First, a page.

The supermassive black hole at the heart of the neighboring galaxy M87 has the mass of 6.6 billion suns. It's the biggest black hole to be precisely measured, and it's us our best shot at really seeing these strange objects.
The internet is burning up with the news that the zodiac has been rearranged. There's a 13th sign, Ophiuchus, and people who think they're Virgos are actually Leos. What happened here? We talked to the astronomer who caused the fuss.
Saturn's moon Iapetus has a gigantic ridge running along its equator that's twice the height of Mount Everest and covers 75% of the moon's equator. And its existence points to something stranger still: Iapetus once had its very own moon.
Saturn's rings are among the most iconic sights in the solar system, but where did they come from? Long ago, an icy moon was ripped apart by Saturn's gravity, creating rings once a 100 times bigger than they are now.
The discovery of a fourth gas giant around the star HR 8799 doesn't seem like that big a deal, but it's become the latest flashpoint for a highly controversial and often intense debate about how gas planets are born.
Far away in the frozen outermost depths of our solar system, there might be a hidden planet four times the size of Jupiter. This secret companion to the Sun could be responsible for sending comets into the inner solar system.
We've discovered 500 exoplanets, most of them gas giants even bigger than Jupiter. But some, known as super-Earths, are rocky worlds only a bit larger than our planet, and now we've discovered the cloudy atmosphere of one of these worlds.
Check out that extra-bright galaxy towards the top of this image. That's an elliptical galaxy, which are among the largest galaxies in the universe. And now scientists believe these galaxies hold five to ten times more stars than previously thought.
Large groups of galaxies come together to form clusters, and those clusters are linked together by vast streams of hot gas known as filaments. These intergalactic links reach temperatures well over a million degrees and are almost completely invisible...until now.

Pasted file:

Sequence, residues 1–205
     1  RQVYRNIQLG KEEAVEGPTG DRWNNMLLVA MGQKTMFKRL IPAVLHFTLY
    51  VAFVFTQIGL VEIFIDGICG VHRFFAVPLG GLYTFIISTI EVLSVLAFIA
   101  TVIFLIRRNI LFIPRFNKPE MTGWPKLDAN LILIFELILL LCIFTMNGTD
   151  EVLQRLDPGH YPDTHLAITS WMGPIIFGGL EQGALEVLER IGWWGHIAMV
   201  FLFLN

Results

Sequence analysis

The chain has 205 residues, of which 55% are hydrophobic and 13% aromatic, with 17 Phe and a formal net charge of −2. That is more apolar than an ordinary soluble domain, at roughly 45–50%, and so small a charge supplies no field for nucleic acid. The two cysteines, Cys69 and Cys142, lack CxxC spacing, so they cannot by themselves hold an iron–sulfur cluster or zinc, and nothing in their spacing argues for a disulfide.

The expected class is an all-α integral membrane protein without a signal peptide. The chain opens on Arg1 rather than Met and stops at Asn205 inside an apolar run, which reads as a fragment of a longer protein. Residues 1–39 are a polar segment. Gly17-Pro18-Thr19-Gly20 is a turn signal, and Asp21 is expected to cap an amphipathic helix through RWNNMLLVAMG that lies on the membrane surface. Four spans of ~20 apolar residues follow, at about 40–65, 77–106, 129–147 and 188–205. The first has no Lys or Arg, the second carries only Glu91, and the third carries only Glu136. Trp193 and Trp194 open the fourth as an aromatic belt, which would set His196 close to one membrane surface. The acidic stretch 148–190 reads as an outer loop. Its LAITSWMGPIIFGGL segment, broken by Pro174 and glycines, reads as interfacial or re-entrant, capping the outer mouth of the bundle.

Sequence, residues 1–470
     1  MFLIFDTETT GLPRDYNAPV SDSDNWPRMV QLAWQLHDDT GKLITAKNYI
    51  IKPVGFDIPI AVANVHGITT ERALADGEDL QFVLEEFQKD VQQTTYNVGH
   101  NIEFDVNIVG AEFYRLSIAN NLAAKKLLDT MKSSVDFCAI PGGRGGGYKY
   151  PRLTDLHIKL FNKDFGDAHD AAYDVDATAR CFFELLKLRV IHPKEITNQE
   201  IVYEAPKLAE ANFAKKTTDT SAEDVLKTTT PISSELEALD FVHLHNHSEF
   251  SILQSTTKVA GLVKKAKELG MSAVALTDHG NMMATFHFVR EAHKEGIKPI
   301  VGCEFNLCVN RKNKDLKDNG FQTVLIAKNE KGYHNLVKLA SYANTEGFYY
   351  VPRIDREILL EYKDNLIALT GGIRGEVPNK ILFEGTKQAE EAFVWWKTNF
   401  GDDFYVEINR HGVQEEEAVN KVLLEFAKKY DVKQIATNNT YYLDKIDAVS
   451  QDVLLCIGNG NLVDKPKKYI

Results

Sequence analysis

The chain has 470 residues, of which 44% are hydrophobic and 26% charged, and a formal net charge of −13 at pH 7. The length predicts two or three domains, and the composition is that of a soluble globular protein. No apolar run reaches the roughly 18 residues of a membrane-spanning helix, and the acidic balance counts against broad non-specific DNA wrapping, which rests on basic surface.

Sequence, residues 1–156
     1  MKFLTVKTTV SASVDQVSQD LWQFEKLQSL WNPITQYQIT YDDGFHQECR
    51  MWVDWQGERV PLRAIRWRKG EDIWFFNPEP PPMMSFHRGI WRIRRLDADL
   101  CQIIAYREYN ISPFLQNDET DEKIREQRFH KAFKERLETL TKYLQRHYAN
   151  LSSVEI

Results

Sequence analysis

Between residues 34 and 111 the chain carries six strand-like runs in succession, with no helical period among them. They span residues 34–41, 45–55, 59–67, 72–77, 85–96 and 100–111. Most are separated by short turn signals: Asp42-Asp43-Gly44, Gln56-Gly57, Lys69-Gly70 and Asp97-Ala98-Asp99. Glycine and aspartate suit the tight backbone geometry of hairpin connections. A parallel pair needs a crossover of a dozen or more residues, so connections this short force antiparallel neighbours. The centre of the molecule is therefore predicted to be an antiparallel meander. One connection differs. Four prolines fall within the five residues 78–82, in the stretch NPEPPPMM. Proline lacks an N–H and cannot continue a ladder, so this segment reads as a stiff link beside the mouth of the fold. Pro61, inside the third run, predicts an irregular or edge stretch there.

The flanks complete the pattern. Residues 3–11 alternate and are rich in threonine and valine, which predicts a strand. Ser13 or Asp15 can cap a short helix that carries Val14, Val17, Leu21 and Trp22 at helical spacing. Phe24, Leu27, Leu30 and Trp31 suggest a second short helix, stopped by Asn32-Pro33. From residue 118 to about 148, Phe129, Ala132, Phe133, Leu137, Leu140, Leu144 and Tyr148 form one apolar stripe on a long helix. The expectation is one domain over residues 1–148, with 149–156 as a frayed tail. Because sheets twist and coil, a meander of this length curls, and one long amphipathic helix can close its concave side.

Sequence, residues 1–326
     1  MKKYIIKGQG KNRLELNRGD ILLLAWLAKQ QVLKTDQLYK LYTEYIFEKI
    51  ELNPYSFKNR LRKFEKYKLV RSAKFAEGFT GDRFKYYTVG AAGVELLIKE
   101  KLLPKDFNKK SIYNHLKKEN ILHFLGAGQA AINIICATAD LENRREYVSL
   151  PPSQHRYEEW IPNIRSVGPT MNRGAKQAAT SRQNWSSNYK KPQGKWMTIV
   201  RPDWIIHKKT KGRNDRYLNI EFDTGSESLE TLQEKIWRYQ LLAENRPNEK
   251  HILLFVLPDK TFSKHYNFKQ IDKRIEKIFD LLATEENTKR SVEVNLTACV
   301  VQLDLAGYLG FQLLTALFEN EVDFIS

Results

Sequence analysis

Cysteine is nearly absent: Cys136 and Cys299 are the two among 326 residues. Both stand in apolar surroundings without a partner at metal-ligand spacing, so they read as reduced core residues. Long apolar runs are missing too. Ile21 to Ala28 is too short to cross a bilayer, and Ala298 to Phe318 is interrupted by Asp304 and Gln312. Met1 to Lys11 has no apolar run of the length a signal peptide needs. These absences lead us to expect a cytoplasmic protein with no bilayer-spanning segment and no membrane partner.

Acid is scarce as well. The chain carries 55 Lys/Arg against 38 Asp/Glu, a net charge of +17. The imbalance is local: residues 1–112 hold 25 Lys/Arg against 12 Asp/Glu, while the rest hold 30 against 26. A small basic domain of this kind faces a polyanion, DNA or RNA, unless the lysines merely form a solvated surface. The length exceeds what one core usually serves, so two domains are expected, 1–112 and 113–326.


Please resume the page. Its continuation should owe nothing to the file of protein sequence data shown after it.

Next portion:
At the furthest edges of our solar system lies the vast Oort Cloud, a hypothetical giant shell full of billions of frozen comets. Formed 4.5 billion years ago, the cloud is a frozen museum of the chemistries of neighboring stars.
The Sun was born 4.6 billion years ago inside a nebula that likely gave birth to a thousand other stars. So what happened to the Sun's siblings? The search continues, but they could be practically anywhere in the Milky Way.
Earth actually shares its orbit with a huge ring of dust particles. Alien astronomers would likely notice the dust ring long before seeing Earth itself, which could mean the best way to find alien planets is to look for dust.
Brown dwarfs are objects that weren't quite massive enough to become stars. Stuck somewhere between lame stars and weird planets, brown dwarfs lead a solitary existence...and this newly-discovered brown dwarf could be the saddest of them all.
Gamma-ray bursts are the most powerful (and mysterious) explosions in the universe, shooting massive concentrated jets of hot plasma that are way too powerful to come from an ordinary supernova. And they might be the birth pangs of black holes.
Pluto lost its status as a planet because of the discovery of Eris, another Kuiper Belt object that was slightly larger. But now Pluto has put Eris back in its place.
The universe is thought to have consistently become cooler over time. But about 1.5 billion years ago, the cosmos overheated in a massive temperature spike, caused by runaway black holes that pumped tons of ultraviolet radiation into the universe.
The most massive neutron star ever discovered has been found 3000 light-years away. The tiny star is twice as massive as the Sun but its diameter is mere miles across. This discovery confirms these stars really are made of neutrons.
We can determine the atmospheres of exoplanets and the composition of galaxies billions of light-years away...but if you ask astronomers to weigh a star, they're stumped. Now there's an awesomely circuitous way to do it, but we'll need some exomoons.
Low-mass stars like our own Sun start life as "first cores," which is the earliest point where gas and dust clump together to form a coherent structure. They're an essential part of stellar evolution, but we've never seen one...until now.
Mars's thin atmosphere is now about 95% carbon dioxide, but when the planet's atmosphere is only 1/200th the size of Earth's, that doesn't mean very much. Now deeply buried minerals reveal Mars once had nearly Earth-like levels of carbon dioxide.